As you might see from the descriptions presented above, the product designer’s role is more comprehensive. These experts partake in all product development and design stages, aligning the UX design with broader business objectives. The UX designer’s role is narrower in scope, but it is still very significant. UX designers head the practical design process and provide tangible input in the form of visual design ideas. So, they fuel the project’s progression.
If one compares the roles of UX designers and product designers, it becomes clear that UX design work is more applied. UX specialists build the product’s design step by step, brick by brick, based on the concrete set of instructions. Product designers are architects in this process, strategizing and conceptualizing the entire approach. After that, they break down the concept into smaller, concrete chunks that serve as instructions for applied UX work afterward.
Pros and Cons of Having Only One Specialist
On the one hand, nothing prevents you from hiring a specialist with a universal set of skills covering product design and UX. Some companies encourage their UX designers’ broader participation in the business processes. Others urge product designers to do some practical UX research and development work. It all depends on the company’s policy and the availability of multi-skilled experts.
Pros of having one person doing all the design work in the company are as follows:
- You will need to pay a salary to only one person instead of two.
- One specialist will keep all design work consistent without the need to establish smooth teamwork and collaboration between staff members.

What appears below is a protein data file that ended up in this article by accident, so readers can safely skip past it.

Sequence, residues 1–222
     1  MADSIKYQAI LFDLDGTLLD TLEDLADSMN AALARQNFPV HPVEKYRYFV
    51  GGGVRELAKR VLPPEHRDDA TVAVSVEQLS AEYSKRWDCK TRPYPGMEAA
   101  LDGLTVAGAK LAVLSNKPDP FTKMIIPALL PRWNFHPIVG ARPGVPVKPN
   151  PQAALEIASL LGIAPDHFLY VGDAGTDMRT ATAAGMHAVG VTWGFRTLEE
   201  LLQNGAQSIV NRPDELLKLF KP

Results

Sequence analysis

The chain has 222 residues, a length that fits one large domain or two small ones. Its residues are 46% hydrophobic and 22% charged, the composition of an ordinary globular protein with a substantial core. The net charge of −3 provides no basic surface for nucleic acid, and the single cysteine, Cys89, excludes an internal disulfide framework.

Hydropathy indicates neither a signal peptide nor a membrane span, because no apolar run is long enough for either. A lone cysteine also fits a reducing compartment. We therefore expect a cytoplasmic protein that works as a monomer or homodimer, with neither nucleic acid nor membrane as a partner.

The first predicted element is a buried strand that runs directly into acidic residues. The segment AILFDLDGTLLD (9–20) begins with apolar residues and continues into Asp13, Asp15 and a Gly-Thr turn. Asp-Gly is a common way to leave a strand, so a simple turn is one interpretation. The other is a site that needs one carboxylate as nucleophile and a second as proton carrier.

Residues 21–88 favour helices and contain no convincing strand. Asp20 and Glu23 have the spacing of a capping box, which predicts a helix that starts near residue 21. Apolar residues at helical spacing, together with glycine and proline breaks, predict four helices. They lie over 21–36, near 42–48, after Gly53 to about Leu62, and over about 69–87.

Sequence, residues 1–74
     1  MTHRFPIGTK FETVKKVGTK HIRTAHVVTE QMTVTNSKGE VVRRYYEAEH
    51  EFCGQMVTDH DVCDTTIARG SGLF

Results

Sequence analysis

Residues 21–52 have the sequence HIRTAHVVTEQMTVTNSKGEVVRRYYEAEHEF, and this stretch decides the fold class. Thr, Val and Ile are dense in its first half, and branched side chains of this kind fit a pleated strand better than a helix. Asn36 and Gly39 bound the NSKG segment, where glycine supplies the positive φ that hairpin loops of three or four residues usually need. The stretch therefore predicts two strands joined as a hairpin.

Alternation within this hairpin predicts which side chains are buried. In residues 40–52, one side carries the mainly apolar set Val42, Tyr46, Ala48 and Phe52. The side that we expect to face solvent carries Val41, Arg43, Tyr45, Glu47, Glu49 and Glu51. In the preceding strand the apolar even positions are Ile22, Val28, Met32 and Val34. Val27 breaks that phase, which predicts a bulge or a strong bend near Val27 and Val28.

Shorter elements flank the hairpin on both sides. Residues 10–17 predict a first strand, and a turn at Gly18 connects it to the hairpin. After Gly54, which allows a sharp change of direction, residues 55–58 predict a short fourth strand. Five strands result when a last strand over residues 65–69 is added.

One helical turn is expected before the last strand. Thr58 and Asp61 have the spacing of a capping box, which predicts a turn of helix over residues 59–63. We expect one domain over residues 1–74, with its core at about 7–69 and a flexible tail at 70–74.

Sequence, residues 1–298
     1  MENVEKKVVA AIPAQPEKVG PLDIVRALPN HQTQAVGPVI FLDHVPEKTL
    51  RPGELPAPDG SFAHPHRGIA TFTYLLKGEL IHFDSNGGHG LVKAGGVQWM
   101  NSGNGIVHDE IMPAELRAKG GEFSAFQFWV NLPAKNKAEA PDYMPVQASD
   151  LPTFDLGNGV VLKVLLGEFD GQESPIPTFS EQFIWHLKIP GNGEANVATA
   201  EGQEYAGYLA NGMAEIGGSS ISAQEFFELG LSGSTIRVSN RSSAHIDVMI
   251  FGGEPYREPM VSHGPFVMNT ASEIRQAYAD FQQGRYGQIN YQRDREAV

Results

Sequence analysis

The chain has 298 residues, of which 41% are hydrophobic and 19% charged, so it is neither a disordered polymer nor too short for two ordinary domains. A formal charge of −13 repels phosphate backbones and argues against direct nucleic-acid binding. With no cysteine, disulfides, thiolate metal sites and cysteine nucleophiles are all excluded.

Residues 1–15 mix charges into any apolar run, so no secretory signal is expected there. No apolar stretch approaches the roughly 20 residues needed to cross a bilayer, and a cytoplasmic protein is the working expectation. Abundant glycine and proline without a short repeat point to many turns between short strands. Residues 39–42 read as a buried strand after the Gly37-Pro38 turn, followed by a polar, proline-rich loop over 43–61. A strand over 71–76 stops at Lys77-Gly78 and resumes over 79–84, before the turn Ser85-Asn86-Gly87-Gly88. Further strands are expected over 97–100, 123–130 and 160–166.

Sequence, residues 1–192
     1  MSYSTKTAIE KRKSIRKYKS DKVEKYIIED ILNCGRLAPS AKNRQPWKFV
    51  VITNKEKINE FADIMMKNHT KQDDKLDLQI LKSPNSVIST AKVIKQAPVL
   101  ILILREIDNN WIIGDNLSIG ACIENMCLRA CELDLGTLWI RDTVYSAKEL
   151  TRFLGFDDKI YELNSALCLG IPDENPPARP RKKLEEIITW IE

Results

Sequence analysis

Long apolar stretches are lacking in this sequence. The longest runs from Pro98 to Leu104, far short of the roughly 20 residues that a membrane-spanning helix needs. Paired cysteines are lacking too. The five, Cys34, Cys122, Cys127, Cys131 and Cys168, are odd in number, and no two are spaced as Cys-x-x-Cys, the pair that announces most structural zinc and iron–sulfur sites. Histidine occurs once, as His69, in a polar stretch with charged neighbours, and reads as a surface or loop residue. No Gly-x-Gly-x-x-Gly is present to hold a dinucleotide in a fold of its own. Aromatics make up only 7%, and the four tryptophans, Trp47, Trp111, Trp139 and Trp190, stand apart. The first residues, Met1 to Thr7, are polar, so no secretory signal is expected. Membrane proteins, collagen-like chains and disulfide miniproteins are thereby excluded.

- A single specialist can connect UX with broader market trends due to a uniform perspective.
Yet, this decision comes with some cons you need to take into account, such as:
- Having only one person responsible for design can lead to biased decisions, harming the final product’s marketability and usability.
- It’s hard to find a jack of all trades on the labor market, and the salary of such experts may be too high.
- UX designers are usually more design-focused. So, involving only one expert for business and design processes can reduce the amount of effort and involvement dedicated to each task.
Thus, you can find a specialist with all the required skills and an extensive track record in design. Yet, make sure that the candidate is competent in marketing, strategic decision-making, research, and technical wireframing. Product design involves all these activities at various stages, so having a single specialist for these tasks is risky. A lack of time and resources impacts the product design quality.
Make Your Choice Wisely
As you can see, UX design and product design are different aspects of one design process. So, if you find an expert skilled at both, you are lucky. You can save costs and avoid cross-team friction in design processes and communication. However, don’t concentrate too much power in one employee’s hands. This sometimes leads to a biased perspective that hurts the product’s quality. Make the hiring choice based on your budget, expectations, and the availability of multi-skilled job candidates.